The photography and illustration section indicates the very important consideration of depicting Armstrong's products in the proper orientation: 30 degrees from the horizontal line on both sides, producing angled products that appear organized when seen as a family of solutions in a brochure or online. A professional industrial photographer helped us establish this orientation and we have used him exclusively over the past decade to shoot all of our products, from massive energy plants to small parts. In using photographs of people and places, the guide established the importance of using real people in natural, candid situations in photography, as opposed to stock images of people who are obviously contrived.
Navigational markers and pagination were designed so that loose pages can be added in the future. Bindery also had to facilitate this so we chose a four-ring binder that was custom-designed with silver foil stamping. Environmentally-friendly paper and binder were selected.
Application of the Design Standards
These guidelines gave the practice and standards of design a substantial presence within the organization, setting a baseline for future projects of all kinds. Several binders were eventually published and shared with the various marketing departments located at corporate headquarters around the world. Digital versions of each chapter of the guidelines were made available on Armstrong's Partners website or sent by request in email. Initially, I was hired to create the Armstrong Design Standards, but after completing the project I decided to stay to implement them across the design of the organization.
In school, I was intrigued by the early 20th century example of Peter Behrens, who gave the German industrial firm AEG a coherent design aesthetic that simplified and improved the look of the firm's products, graphic design and architecture into what today is still seen as an impressive case study in transformative corporate branding. I have tried to approach this kind of design leadership at Armstrong, treating every design project as an opportunity to set a precedent for improved design, visually or in terms of the processes that bring it to production.
In the past couple of years, I have been adding a new skill set to the practice of visual and experience design to Armstrong. Having recently graduated from OCAD's Strategic Foresight & Innovation program, I am bringing expertise in strategy and visual thinking to the organization. Perhaps one day some of these strategic frameworks and design thinking workshops can be likewise codified into a set of design guidelines that can further bring the benefits of design to all areas of organizational activity.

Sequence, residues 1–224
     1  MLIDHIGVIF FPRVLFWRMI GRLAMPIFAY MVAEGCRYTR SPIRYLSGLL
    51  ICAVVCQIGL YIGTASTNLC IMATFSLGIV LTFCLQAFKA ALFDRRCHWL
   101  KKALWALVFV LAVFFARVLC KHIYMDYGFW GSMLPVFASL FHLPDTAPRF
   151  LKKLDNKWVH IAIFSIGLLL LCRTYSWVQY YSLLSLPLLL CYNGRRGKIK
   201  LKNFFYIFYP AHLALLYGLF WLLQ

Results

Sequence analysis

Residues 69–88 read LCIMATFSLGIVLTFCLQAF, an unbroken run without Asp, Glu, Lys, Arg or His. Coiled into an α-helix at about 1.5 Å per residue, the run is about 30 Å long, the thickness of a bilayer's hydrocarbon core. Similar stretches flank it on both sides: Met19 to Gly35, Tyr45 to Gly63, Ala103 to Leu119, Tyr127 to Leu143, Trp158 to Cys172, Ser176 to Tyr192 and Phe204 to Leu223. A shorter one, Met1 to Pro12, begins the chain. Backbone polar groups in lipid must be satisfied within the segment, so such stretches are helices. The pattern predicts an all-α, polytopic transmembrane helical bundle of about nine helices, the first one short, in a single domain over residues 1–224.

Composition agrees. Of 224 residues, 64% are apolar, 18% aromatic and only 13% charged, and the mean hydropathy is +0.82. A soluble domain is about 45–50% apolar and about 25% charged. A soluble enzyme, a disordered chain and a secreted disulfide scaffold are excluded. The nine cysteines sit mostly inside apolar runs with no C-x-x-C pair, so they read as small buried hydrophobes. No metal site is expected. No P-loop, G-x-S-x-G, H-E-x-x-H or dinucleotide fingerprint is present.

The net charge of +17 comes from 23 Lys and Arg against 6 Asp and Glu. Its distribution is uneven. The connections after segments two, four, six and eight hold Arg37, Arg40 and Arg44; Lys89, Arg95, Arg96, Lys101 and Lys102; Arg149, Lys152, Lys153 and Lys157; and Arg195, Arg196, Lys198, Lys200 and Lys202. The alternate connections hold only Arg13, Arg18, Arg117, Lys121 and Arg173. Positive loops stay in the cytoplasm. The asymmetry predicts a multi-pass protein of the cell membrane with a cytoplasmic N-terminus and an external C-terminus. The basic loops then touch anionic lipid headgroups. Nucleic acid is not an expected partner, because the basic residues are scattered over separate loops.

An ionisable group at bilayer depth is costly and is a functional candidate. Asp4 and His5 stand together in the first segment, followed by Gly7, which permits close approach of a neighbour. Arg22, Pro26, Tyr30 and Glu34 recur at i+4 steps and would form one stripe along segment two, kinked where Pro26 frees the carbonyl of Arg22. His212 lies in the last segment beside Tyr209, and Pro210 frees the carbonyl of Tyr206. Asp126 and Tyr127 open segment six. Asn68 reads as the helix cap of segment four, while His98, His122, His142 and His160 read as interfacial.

1. Design standards do not always have to take a standard form of 8.5 x 11, 20 or-so-page documents. A memorable, fun, large-scale creation can position design within an organization as a formidable influence to be consulted at the beginning of every project. A smaller-scale, one-or-two-page document, that lives alongside the larger standards, can be given to vendors as a reminder of everyday rules around logo positioning, core colours and typography.
2. Don’t accept vinyl for binders. Be resourceful and source a supplier that can build binders out of environmentally-friendly materials, like recycled strong-ply cardboard, that can be embossed or foil-printed. The result will have the appearance and feeling of much better quality.
3. Take an interest in proportionality as a subject in corporate guidelines. There is a lot of meaning behind the golden mean, North American and European proportions in paper sizes and the idea that design projects can share a family system of proportions. Our proportion system derives from an 8.5 x 11 or European-sized stationery paper folded multiple times to produce smaller divisions that can be used as an anchor point for designed pieces.
1. Be ambitious in the design and production of your design standards and set timelines that will allow something special to happen. The greater the guide’s presence, the greater its impact will be within an organization. Announce its launch at a major corporate event so that all employees are aware of it and recognize its importance.
2. Think about giving extra attention to the section on presentation slides if the organization has a habit of producing poor presentations. This is often an area where standards of design can be frequently flouted, particularly when there isn't clear guidance provided in the guidelines.
3. Like a strategy that has been delivered to an organization by an outside consultant, design standards may be sidelined and forgotten if there is no one in place within the organization to maintain control of that quality once the designer of the standards is off the scene. Ensure that there is always at least one person of influence within the organization who has internalized the design standards so that attention to them doesn’t drop off in the long-term.